Aidan Jones is the Chair of Young Greens Northern Ireland

Young people are discouraged from politics in Northern Ireland. Not that that’s isolated to the region: across the world you’ll find disenfranchised youth turn on traditional politics. But here, the post-ceasefire generation just can’t widely participate in a politics dominated by Northern Ireland’s past.

A combination of a political culture defined by old-fashioned sectarian divides, undemocratic structures and downright bigoted policies makes NI an extremely offputting place to become involved. It’s also part of the reason why engaging the disengaged is so important; because without them, there’ll be no pressure to make this place liveable; to redress horrendous social and wealth inequalities and to make it democratically representative and accountable to people’s needs. Without pressure from the angry and energised, NI can’t change like it needs to; no-one else will force progress on it.

The task of creating a large, engaging, hopeful campaign is a massive one – and not one to cover in full here. But a very significant part of that campaign is its own accessibility. We need to build a movement that’s accessible for the most marginalised people, so that those who need it most – the young, LGBT+, poor, disabled, women, ethnic minorities and those with mental health problems – can fight for what’s necessary from our state and our society.

So the question becomes – what group has to grow to build a participatory movement for young people to fight for the future we need? How does it welcome its participants?

To give a personal example, let me talk briefly about the perspective through which I became involved in the Young Greens in Northern Ireland.

At 17, I was struggling with anxiety and other mental health problems, which I had been completely unprepared to understand, and getting through the tail end of a secondary education system that seemed to commodify, disrespect, and disregard me. I was worried about the uncertainty my future held, and the possibility I would be isolated in a new city by having to eventually leave Northern Ireland to study at university elsewhere.

I had been active in my local Green Party branch for a year or so, and while it did resonate with my own politics, and it was encouraging building up the group locally, it was stressful trying to get through my own anxiety in my interactions with the group. If I had not already had familial ties to Green politics, I may well have not gotten involved, despite my political solidarity.

When I went to the Young Greens Northern Ireland AGM in April 2015, I found a group of people who I could easily interact with, who understood making people comfortable in social situations, and who I could speak to without having to push through my anxiety.

Culturally, I found the Young Greens had an understanding of access to marginalised people – partly by being young people themselves, but mostly as a result of being made up of those who had seen Green politics as the counter to a political system which had disregarded them. Out of that common experience of being culturally and politically marginalised came a sense of solidarity that extended to anyone who wanted to take part, and took account of their needs, preferences and disabilities.

Two of the participants at that AGM were Georgia Grainger and Ellen Murray. Georgia, from whom I took over as Young Greens Chair, and Ellen, transport activist, trans youth worker and Chair of GenderJam NI, are both autistic women who identify as queer, and both are young Green candidates in the upcoming elections to the Northern Irish Assembly (Georgia in Strangford, and Ellen in West Belfast).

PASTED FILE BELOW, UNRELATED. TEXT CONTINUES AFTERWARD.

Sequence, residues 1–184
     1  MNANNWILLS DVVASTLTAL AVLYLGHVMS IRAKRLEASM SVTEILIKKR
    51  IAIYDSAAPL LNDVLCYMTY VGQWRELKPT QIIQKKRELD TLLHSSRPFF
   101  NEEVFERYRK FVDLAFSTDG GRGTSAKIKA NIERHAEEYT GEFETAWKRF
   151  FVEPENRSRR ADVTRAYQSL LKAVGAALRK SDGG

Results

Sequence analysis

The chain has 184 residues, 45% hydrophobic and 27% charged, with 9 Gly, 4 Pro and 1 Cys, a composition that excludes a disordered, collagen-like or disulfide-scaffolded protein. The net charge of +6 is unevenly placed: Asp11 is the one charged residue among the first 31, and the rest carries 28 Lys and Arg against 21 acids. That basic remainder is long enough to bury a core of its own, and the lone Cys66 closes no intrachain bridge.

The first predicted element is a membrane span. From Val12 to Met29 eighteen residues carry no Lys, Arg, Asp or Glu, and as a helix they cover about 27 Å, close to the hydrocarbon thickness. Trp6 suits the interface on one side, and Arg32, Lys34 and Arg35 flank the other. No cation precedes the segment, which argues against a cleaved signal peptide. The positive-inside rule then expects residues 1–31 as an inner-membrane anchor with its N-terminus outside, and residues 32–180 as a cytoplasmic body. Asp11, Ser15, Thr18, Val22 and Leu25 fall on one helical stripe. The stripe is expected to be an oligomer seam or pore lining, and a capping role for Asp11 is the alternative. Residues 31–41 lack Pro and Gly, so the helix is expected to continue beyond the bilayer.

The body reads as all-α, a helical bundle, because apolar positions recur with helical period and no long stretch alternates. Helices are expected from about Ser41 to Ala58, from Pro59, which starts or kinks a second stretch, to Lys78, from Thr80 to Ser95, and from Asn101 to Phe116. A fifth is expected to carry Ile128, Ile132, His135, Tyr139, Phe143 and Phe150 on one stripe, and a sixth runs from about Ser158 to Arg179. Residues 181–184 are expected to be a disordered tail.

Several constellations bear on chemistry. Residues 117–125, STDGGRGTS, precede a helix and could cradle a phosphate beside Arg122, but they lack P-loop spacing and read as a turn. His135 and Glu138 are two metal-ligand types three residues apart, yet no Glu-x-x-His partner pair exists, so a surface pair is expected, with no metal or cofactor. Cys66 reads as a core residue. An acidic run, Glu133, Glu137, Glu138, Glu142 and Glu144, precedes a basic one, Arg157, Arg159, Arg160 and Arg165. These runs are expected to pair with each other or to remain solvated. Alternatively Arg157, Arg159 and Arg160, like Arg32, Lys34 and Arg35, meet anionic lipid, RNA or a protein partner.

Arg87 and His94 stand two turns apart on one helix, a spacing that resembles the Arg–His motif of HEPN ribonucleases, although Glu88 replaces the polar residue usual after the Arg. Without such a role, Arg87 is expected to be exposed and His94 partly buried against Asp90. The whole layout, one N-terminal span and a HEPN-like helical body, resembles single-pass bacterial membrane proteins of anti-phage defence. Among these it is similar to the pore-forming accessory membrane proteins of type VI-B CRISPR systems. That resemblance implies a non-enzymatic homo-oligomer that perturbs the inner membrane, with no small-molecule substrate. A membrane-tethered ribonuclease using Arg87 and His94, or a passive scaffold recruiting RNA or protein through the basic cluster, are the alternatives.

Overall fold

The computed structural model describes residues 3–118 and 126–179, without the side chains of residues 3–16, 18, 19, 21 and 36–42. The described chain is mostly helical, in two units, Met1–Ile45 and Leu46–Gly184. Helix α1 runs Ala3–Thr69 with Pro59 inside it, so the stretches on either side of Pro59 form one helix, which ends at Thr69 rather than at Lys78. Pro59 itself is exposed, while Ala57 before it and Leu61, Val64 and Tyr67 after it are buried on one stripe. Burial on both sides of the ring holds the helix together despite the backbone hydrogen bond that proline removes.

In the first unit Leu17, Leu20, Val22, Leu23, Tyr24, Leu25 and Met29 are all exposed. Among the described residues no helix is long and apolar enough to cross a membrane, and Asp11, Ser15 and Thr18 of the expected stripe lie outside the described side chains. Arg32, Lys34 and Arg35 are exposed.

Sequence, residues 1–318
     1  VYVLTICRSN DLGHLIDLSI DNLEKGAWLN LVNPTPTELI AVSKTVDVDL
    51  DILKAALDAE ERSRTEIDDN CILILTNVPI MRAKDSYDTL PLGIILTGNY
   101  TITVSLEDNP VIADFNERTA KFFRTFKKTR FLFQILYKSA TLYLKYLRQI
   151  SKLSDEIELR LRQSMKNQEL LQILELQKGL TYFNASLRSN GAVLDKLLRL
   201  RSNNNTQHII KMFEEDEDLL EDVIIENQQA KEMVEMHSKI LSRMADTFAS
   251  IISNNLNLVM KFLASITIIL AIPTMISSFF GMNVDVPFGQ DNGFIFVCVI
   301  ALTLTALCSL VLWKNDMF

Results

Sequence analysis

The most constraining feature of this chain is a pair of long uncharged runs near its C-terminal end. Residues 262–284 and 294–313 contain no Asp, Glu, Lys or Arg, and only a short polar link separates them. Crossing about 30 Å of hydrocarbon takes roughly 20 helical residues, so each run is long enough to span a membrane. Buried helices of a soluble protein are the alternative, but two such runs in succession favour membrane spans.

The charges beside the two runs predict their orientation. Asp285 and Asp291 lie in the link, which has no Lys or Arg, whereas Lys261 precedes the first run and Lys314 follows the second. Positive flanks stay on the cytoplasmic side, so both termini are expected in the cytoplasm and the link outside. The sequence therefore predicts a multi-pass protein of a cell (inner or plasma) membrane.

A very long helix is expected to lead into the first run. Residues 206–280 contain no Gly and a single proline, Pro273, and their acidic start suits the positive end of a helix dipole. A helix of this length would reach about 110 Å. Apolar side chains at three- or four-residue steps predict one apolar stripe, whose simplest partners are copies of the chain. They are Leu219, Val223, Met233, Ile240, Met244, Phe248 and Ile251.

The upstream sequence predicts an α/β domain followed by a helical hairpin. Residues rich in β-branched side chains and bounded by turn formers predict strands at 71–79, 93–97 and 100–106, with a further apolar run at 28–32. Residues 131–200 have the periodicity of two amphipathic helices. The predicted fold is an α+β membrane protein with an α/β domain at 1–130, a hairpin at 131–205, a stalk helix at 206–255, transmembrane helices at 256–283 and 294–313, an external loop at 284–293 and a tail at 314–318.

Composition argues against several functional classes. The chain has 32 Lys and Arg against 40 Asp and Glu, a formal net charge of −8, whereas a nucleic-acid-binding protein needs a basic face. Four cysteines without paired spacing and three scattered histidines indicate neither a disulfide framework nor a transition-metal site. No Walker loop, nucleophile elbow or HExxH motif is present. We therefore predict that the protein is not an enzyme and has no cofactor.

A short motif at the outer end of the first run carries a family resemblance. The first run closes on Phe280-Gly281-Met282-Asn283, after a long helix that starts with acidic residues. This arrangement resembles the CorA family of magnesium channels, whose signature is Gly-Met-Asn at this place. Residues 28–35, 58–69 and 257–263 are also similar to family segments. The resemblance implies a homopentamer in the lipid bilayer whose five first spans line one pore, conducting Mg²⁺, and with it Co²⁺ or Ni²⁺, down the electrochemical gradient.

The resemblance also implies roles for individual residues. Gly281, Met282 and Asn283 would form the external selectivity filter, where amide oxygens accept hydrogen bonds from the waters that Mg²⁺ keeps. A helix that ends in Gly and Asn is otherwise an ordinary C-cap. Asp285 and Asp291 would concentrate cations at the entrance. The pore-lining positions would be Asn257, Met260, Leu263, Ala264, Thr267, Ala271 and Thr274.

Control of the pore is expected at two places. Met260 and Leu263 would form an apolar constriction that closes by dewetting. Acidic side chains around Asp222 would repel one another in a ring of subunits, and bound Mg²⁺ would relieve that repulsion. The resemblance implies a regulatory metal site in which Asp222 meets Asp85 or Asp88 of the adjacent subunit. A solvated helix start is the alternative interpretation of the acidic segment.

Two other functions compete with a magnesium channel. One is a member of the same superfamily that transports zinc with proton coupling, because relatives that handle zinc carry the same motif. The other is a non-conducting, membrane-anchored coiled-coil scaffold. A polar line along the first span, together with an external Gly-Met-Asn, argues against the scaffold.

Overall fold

People like Georgia and Ellen were crucial in creating the atmosphere free of judgement and macho-ism, facilitating neurodivergences, and encouraging involvement without pressuring it, which impressed on me a desire to get more involved, and to spread that atmosphere as widely as possible, to reach the people who need it most.

The Young Greens serve many roles – keeping the Green Party tied to its radicalism, representing young people within the Party, reaching out to universities and colleges to spread the Green message. But what I’ve come to realise is that the most important function for the Young Greens is in creating a space where marginalised people can be comfortable to become active, to expand their political knowledge, and to come together with hope and purpose to create a better world than the one we were born into; one that’s failed us so far.

We have to be the group that people can come to with interest, without having to hide their differences and disabilities, which is open and friendly, and which allows people to grow through us, and become more active and experienced. We can give people the confidence needed to participate in the Green Party and wider political activism; to go out and proudly help change the world. Through our being accessible and transparent, we can facilitate the involvement of groups who need Green politics most- the disadvantaged, marginalised, and oppressed.

By being open and welcoming of people this way, we can start building the anti-sectarian, radical progressive movement that Northern Ireland needs. We can be the cross-section of the oppressed, working together to create the culture we need to fight back against bigotry, corruption and capitalism.

In the Young Greens, we have to be here to welcome the dispossessed, and help them shape the direction of politics here as best we can, in an environment which welcomes the victims of our unfair society, while working to make that society safe, sustainable, and equal. If we’re not accessible, we’re not helpful; if we don’t represent the oppressed, then what are we here for?